Bureau of Land Management, California.
The Chemehuevi Mountains Wilderness now contains a total of 85,840 acres and is managed by the Bureau of Land Management. All of the Wilderness is in the state of California. In 1994 the Chemehuevi Mountains Wilderness became part of the now over 109 million acre National Wilderness Preservation System. In wilderness, you can enjoy challenging recreational activities and extraordinary opportunities for solitude. In an age of "...increasing population, accompanied by expanding settlement and growing mechanization,..." you play an important role in helping to "...secure for the American people of present and future generations the benefits of an enduring resource of wilderness" as called for by Congress in the Wilderness Act of 1964. Please follow the regulations in place for this area, and use Leave No Trace techniques when visiting to ensure protection of its unique natural and experiential qualities.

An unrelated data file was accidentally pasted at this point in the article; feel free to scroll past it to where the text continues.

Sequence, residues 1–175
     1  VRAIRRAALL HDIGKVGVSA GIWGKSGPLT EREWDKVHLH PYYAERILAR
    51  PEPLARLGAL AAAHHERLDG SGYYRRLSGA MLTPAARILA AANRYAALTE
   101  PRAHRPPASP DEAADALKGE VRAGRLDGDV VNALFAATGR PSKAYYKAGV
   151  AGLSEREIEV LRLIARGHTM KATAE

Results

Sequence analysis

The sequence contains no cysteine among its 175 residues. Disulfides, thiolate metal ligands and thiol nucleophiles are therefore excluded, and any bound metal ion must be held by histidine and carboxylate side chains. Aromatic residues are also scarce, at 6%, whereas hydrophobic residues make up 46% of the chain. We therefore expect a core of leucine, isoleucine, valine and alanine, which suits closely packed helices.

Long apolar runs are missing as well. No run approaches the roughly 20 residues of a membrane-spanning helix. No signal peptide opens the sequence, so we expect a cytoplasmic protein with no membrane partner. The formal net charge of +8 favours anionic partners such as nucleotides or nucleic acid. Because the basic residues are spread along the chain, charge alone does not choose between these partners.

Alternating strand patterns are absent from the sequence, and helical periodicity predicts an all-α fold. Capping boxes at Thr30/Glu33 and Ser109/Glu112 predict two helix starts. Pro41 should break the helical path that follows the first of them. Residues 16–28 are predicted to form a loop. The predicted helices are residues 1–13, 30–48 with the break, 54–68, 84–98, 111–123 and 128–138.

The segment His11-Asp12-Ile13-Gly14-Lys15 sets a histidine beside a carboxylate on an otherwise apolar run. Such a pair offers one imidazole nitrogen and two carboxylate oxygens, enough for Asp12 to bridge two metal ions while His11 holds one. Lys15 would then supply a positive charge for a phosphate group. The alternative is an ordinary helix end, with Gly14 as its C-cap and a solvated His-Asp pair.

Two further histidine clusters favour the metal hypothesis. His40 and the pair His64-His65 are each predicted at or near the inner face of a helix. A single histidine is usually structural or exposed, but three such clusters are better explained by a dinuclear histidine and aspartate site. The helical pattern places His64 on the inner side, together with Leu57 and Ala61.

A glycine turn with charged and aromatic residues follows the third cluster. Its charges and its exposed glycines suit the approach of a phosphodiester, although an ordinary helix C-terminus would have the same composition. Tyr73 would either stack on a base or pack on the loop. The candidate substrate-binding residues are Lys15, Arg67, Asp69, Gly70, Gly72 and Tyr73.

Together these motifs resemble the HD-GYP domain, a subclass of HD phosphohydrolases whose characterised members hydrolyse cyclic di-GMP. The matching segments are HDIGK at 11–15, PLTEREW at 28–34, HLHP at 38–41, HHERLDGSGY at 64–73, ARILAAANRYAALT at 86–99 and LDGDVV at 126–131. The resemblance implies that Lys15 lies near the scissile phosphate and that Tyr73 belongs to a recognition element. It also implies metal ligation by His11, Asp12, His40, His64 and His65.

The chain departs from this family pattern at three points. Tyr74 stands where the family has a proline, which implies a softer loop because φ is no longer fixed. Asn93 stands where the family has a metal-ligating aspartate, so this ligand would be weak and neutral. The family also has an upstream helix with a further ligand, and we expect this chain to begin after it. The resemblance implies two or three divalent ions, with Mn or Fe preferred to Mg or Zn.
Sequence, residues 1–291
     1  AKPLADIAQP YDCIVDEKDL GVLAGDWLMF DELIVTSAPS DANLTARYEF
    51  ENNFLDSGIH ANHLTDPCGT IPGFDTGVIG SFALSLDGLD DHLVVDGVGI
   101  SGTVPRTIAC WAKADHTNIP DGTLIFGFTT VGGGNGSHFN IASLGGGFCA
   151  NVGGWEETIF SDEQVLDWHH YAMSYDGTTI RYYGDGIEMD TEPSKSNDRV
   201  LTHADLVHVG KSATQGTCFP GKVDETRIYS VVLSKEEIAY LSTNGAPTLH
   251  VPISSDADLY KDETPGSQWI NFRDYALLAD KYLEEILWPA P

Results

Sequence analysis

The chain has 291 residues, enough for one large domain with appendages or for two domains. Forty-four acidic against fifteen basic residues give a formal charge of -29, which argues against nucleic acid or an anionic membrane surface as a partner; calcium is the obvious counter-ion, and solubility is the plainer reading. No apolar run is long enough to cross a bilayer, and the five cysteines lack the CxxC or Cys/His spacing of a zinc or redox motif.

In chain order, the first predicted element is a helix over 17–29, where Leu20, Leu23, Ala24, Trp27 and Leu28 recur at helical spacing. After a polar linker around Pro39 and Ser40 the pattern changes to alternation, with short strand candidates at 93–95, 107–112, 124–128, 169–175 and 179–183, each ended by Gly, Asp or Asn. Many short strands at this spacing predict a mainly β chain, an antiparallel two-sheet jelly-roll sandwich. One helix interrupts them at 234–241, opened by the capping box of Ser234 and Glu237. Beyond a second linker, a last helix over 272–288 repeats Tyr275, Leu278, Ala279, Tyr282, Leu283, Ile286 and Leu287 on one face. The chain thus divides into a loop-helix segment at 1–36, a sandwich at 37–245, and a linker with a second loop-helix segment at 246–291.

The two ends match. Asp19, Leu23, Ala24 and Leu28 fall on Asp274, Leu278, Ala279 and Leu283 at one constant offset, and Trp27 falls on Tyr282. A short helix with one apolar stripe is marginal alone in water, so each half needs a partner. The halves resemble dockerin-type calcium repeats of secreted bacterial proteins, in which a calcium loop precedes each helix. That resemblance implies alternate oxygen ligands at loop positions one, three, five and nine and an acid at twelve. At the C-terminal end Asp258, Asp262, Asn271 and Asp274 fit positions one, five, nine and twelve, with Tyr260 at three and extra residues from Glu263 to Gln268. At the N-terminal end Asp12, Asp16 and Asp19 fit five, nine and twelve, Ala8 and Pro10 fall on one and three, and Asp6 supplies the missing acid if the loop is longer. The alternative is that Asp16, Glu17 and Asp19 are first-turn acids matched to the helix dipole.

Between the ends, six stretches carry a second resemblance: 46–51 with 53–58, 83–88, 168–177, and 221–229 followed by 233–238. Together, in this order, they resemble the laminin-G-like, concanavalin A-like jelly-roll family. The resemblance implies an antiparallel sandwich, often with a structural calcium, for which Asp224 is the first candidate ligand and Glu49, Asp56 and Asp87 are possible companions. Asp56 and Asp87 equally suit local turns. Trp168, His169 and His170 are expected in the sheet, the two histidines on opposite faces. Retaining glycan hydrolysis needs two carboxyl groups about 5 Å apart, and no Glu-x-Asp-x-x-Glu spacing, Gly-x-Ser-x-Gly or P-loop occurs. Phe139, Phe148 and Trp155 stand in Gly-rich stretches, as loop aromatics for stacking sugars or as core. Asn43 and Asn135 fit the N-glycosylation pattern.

How to follow the seven standard Leave No Trace principles differs in different parts of the country (desert vs. Rocky Mountains). Click on any of the principles listed below to learn more about how they apply.
Leave No Trace principles:
Motorized equipment and equipment used for mechanical transport are generally prohibited on all federal lands designated as wilderness. This includes the use of motor vehicles (including OHVs), motorboats, motorized equipment, bicycles, hang gliders, wagons, carts, portage wheels, and the landing of aircraft including helicopters, unless provided for in specific legislation. In a few areas some exceptions allowing the use of motorized equipment or mechanical transport are described in the special regulations in effect for a specific area. Contact the agency for more information about regulations.
Chemehuevi Mountains Wilderness lies 10 miles southeast of Needles, California along US Highway 95, in San Bernardino County. The twelve mile long Trampas Wash cuts its way through the mountains and provides the easiest hiking access into the interior of the wilderness and the Colorado River from the west side. Maps of the area can be obtained from the Bureau of Land Management Field Offices in Needles, California or Lake Havasu City, Arizona.